December 15, 2020

This post is a one in the “Rethink Cybersecurity” series. Additional posts in this series are available here

There are actually many lessons to be learned from the largest and most sophisticated cyber-attack to date reported in the New York Times Sunday, but perhaps the most basic is that what we are doing now to protect ourselves in cyberspace isn’t working. We need to rethink our approach to cybersecurity.

This is not to demean in any way the work of the many many dedicated public servants, and many more academic and private sector personnel who are working hard on this issue. The point is that this community is not getting the support it needs.

To be fair, some of the problem may lie in the cybersecurity community not adequately communicating the nature and severity of the problem. We have a cybersecurity “branding” issue that under play’s the true nature of the threat

To many outside the cyber community cyber-attacks are “just” an IT issue.

Of course, it is an IT issue – but not “just” and IT issue.

Another branding problem is that too many hear that all you have to do to be secure is follow a few basics.

Of course, you do have to follow the basics, but that isn’t “all” you have to do.  Not to be protected from sophisticated threats of the sort we have just been made aware of.

We need to start by doing away with all the happy talk about what a great job we are doing.

If one goes to any one of the multiple conferences on cybersecurity that take place seemingly every day and everywhere you will hear a parade of government officials outlining  the “aggressive” programs they are instituting to protect cyberspace.  This is followed by a legion of vendors all of whom seem to have found the answer to securing cyber systems which they are ready to provide to anyone really interested in security.

I’ve made it a point recently to go out into the audiences – assuming it’s not full of cyber practitioners all of whom know better – and gauging the impressions of the non-cyber attendees.  All too often I’ve heard comments like “sounds like you guys have gone to this under control.”

No, we don’t. Not by a long shot.

To begin, we need to be more candid with ourselves and “manage up” to get the support we need to truly be competitive in securing cyberspace from attackers.  What does that mean?

Follow the money.

It’s the economy, stupid.


  • CSIS estimates cybercrime is a $1 trillion drag on the economy. The World Economic Forum, citing research from Cybersecurity Ventures, estimates cybercrime costs $2 trillion a year. Cybercrime Magazine estimates the costs of cybercrime will be $10.5 trillion by 2025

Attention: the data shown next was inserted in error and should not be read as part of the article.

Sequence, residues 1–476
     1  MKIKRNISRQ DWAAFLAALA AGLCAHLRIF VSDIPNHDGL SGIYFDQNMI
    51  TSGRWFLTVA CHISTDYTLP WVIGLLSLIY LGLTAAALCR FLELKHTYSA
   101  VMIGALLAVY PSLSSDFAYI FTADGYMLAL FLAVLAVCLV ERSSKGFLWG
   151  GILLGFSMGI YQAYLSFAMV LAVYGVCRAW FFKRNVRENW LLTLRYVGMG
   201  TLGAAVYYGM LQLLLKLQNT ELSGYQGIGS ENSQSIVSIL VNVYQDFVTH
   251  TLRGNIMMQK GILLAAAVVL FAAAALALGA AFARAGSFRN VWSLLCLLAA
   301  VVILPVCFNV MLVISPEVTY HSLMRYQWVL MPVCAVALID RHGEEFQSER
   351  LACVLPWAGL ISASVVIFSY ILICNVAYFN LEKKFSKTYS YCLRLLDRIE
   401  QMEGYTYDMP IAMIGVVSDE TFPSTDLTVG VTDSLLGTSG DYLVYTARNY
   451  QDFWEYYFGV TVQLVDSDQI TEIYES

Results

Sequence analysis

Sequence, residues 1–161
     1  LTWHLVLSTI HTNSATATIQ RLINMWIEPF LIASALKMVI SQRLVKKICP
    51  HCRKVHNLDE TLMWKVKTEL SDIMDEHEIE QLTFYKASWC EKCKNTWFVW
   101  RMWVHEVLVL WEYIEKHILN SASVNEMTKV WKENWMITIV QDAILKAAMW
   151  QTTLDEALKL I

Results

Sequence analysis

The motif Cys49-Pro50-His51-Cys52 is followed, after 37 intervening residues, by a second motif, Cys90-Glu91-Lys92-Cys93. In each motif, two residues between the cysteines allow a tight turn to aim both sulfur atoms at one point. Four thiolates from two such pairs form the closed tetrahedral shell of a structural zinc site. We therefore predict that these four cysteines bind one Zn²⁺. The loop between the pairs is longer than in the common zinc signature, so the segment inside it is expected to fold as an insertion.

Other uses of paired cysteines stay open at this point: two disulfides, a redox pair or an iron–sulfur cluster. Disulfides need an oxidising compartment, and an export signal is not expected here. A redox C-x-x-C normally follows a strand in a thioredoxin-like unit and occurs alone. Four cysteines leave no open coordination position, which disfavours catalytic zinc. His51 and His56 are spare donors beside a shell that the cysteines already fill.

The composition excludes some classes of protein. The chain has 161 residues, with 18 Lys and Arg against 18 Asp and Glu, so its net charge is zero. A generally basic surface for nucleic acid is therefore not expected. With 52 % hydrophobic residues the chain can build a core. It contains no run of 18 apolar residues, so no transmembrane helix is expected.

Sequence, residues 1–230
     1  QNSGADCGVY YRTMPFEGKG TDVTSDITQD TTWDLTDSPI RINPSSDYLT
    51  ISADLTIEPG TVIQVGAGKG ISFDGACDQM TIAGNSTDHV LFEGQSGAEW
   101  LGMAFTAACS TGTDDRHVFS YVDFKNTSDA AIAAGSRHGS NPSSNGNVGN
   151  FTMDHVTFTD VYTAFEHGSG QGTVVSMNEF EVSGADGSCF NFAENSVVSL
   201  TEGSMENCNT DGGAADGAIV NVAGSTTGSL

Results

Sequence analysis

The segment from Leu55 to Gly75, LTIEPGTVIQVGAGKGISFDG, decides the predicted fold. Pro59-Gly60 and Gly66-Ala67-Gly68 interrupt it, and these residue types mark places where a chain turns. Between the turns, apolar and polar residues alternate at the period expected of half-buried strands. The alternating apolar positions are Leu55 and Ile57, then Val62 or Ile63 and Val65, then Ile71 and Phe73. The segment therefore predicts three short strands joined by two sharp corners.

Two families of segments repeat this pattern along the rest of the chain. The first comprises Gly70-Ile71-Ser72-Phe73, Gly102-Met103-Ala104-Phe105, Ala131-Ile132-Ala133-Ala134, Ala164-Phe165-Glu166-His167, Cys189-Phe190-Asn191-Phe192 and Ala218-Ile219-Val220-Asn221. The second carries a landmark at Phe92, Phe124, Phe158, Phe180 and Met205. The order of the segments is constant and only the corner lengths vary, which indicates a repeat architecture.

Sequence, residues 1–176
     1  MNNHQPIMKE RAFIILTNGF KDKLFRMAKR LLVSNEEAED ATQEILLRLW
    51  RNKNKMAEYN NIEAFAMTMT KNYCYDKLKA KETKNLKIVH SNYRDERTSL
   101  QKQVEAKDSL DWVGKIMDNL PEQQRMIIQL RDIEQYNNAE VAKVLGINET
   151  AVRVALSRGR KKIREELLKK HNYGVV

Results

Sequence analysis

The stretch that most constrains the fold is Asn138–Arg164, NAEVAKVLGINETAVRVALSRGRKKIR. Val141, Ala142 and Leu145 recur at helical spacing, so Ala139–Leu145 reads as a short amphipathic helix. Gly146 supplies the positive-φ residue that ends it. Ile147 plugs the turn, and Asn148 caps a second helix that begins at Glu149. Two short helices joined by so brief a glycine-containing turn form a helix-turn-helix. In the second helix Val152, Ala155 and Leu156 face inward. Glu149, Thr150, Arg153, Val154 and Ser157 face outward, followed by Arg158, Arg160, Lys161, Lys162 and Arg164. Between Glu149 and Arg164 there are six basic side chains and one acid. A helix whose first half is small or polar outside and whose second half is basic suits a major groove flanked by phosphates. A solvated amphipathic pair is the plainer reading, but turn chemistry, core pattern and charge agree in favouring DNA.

• The FBI’s 2020 cyber budget is approximately $450 million
  • The Chinese Digital Silk Road Initiative – which is a soft power global cyber offensive – is a $1 trillion dollar program
  • DHS’ cyber budget of around $1 billion
  • Jim Lewis at the Center for Strategic and International Studies estimates China is currently outspending the US on advanced technology by 1000:1
  • Current White House budget on education for fiscal 2021 has been decreased to a total of $66 billion – with only $90 million of that being invested in STEM
  • Five years ago, we had hundreds of thousands of cybersecurity jobs going unfulfilled, now we have millions of them

In previous posts we have shared numerous similar disparities documenting our underwhelming efforts at cybersecurity.  We can and need to do more and better.

However, we need to do more than just throw money at the problem — although that typical dismissive should not be used to side-step the massive funding issue we face in this area.

We also need serious structural reform. The National Defense Authorization Act, which passed last week with veto-proof majorities in both chambers of Congress, takes some very helpful initial steps toward government reorganization with the creation of a Cybersecurity Director in the White House and an Office in the White House charged with developing a serious plan for resilience in case of a cyber-attack of significant consequence.

While these are good steps, they are not enough.  For example, I doubt the very serious attacks we have just experienced would qualify as attacks of national significance.

Again, we have a branding issue.  Serious cyber-attacks not confined to ones that might dismantle our telecommunications networks or take down the power grid.  These could be considered “acute” attacks. But we are experiencing a constant barrage of chronic attacks throughout our cybercasters.

The Continuity of the Economy office in the NDAA needs to be expanded to create an Office of Digital Security Strategy.  This entity would be charged with doing the same vital exercise in government that virtually every private sector organization has already gone through – digital transformation.

We need to rethink the – primarily rhetorical – public-private partnership and develop more fulsome and supported partnerships that will be competitive with what the criminals and nation-states like China are doing to us.

There are numerous models for serious public-private consortiums that can be created dating back to the New Deal, but also including the initial NASA program that led to the moon landing and Sema-Tech which helped us overcome the computer chip deficit we had in the 1980s with Japan.

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